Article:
2. Model assumptions and management overlays: ECL models use historical data to estimate parameters such as probability of default, loss-given default, and loss rates. However, sudden or unexpected changes in economic conditions can result in management overlays, based primarily on judgment, as an add-on or deduction from the ECL estimate derived from the ECL models.

3. Macroeconomic scenarios and weighting: The ECL approach requires an unbiased, probability-weighted estimate derived from a range of macroeconomic scenarios, which can significantly influence the final ECL estimate reflected in financial reporting. The application of multiple economic scenarios and their weightings can vary across banks, leading to differences in loan loss provisions that are not solely attributable to differences in asset quality.

Eurozone banks have the capacity to offer new loans with improved margins due to a 50% beta estimate on new lending in January 2023 according to S&P. However, uncertainties in the macroeconomic environment may lead to more restrained lending, as evidenced by a tightening of credit standards driven by banks’ assessment of risks related to the overall economic outlook and declining risk tolerance.

Serious headwinds especially in relation to the cost of living, SME lending, CRE disruption

The combination of a cost-of-living crisis and rising real interest rates could have a significant impact on the consumer, SME, and CRE portfolios. These three portfolios make up around 30% of EU banks’ customer loans, and historically have performed the worst, with NPL ratios estimated to be between 4%-5% at the end of 2022. The vulnerability of these portfolios to higher-for-longer inflation and rising real interest rates is also a concern. While household consumption credit represents only 6% of European banks’ loan portfolios, there are significant differences in the proportion of household loans (excluding mortgages) across EU banks, with relatively high exposures in Spain, Slovenia, Hungary, and Poland.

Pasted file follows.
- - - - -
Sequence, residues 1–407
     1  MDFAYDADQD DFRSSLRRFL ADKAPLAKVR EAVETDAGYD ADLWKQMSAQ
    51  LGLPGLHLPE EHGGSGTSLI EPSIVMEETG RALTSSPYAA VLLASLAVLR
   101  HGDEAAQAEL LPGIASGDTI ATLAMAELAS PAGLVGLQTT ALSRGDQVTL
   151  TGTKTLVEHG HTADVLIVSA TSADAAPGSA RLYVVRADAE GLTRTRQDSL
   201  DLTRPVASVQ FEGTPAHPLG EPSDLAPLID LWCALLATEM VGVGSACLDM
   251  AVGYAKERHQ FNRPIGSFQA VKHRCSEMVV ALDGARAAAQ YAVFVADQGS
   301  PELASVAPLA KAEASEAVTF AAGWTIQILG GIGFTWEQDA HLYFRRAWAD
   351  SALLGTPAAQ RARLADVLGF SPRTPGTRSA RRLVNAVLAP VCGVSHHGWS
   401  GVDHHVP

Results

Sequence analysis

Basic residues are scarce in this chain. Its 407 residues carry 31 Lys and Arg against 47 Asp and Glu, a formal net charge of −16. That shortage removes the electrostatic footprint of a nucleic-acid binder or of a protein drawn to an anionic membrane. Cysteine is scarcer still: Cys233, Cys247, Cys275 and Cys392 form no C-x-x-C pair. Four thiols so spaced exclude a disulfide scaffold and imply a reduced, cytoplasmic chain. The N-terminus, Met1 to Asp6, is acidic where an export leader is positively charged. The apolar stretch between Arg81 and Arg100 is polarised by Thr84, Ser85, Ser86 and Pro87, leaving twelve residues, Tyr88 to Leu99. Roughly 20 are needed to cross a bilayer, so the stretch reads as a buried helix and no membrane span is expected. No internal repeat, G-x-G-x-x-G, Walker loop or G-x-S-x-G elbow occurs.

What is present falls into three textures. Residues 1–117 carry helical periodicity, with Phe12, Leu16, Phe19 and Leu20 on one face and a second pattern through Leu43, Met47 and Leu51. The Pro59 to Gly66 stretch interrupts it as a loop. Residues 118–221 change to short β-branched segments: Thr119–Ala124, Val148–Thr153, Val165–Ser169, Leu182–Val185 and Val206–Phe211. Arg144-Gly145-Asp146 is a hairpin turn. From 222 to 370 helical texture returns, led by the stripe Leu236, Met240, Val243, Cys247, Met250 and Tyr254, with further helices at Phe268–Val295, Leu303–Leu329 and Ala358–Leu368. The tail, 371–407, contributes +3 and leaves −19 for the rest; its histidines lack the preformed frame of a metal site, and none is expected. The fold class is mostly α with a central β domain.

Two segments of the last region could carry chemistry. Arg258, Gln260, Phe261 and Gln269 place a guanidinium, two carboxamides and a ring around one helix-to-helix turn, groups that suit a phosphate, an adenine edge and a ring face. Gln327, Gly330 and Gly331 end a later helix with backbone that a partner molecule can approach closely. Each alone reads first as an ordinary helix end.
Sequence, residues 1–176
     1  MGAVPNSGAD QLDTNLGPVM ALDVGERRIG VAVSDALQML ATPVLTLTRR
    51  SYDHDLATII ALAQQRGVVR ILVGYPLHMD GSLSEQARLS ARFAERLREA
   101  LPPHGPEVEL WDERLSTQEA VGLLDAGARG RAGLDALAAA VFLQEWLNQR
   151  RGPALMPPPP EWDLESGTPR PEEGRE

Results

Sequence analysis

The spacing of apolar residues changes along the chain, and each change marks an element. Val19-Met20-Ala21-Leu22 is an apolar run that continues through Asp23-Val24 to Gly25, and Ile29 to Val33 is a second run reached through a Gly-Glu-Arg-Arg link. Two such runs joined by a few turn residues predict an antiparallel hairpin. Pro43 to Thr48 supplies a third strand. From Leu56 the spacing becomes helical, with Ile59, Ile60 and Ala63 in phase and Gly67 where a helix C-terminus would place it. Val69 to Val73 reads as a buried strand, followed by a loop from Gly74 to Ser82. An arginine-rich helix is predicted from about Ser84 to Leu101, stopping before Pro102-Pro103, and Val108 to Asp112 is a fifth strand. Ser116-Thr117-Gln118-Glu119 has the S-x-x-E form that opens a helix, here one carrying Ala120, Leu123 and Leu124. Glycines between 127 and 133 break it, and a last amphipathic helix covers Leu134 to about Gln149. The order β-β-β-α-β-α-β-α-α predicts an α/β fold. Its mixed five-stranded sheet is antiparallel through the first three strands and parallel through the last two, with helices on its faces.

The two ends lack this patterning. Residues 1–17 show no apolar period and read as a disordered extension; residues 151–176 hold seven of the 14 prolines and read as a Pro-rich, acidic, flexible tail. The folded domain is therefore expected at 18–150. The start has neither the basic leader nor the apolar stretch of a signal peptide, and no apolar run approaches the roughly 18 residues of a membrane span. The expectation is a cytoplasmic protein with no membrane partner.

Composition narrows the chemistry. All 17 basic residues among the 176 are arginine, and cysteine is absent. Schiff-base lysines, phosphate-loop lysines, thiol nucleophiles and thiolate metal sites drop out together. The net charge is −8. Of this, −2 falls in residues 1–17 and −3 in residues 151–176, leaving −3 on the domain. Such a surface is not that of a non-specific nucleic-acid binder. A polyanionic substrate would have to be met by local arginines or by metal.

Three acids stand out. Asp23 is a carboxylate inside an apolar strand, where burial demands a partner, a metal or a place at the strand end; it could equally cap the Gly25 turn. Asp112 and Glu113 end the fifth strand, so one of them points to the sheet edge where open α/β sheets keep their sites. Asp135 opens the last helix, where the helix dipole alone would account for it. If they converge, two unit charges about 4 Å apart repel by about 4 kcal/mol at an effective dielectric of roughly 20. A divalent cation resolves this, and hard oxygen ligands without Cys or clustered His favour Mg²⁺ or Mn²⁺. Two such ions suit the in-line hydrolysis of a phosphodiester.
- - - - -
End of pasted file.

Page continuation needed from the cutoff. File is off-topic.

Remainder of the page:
SME Lending

SME lending portfolios, particularly those with weaker borrowers, are also at risk due to falling revenues, as evidenced by the increase in corporate bankruptcies in 2022. Although EU banks have grown their SME lending books relatively fast in the past three years, with a CAGR of over 5%, recent growth in SME lending was driven by pandemic-related public guarantee schemes implemented in 2020, which still cover a significant portion of the portfolios. Weaknesses in asset quality are likely to emerge over the next two years, as many SME loans were made on three- to five-year terms, with the bulk of the repayment due only at maturity.

CRE Lending

Finally, tighter funding conditions could lead to heightened credit risks in CRE portfolios, as higher rates elevate refinancing risks and reduce underlying asset values.

Although growth in CRE loans has been relatively limited in the past three years, with a 3% CAGR at the aggregated EU level, French and Belgian banks, as well as large Israeli banks, have seen double-digit CAGRs. Large EU banks hold around 75% of the CRE lending market, while smaller banks hold only 25%. The quality of the banks’ underwriting in recent years will largely determine the future performance of these portfolios.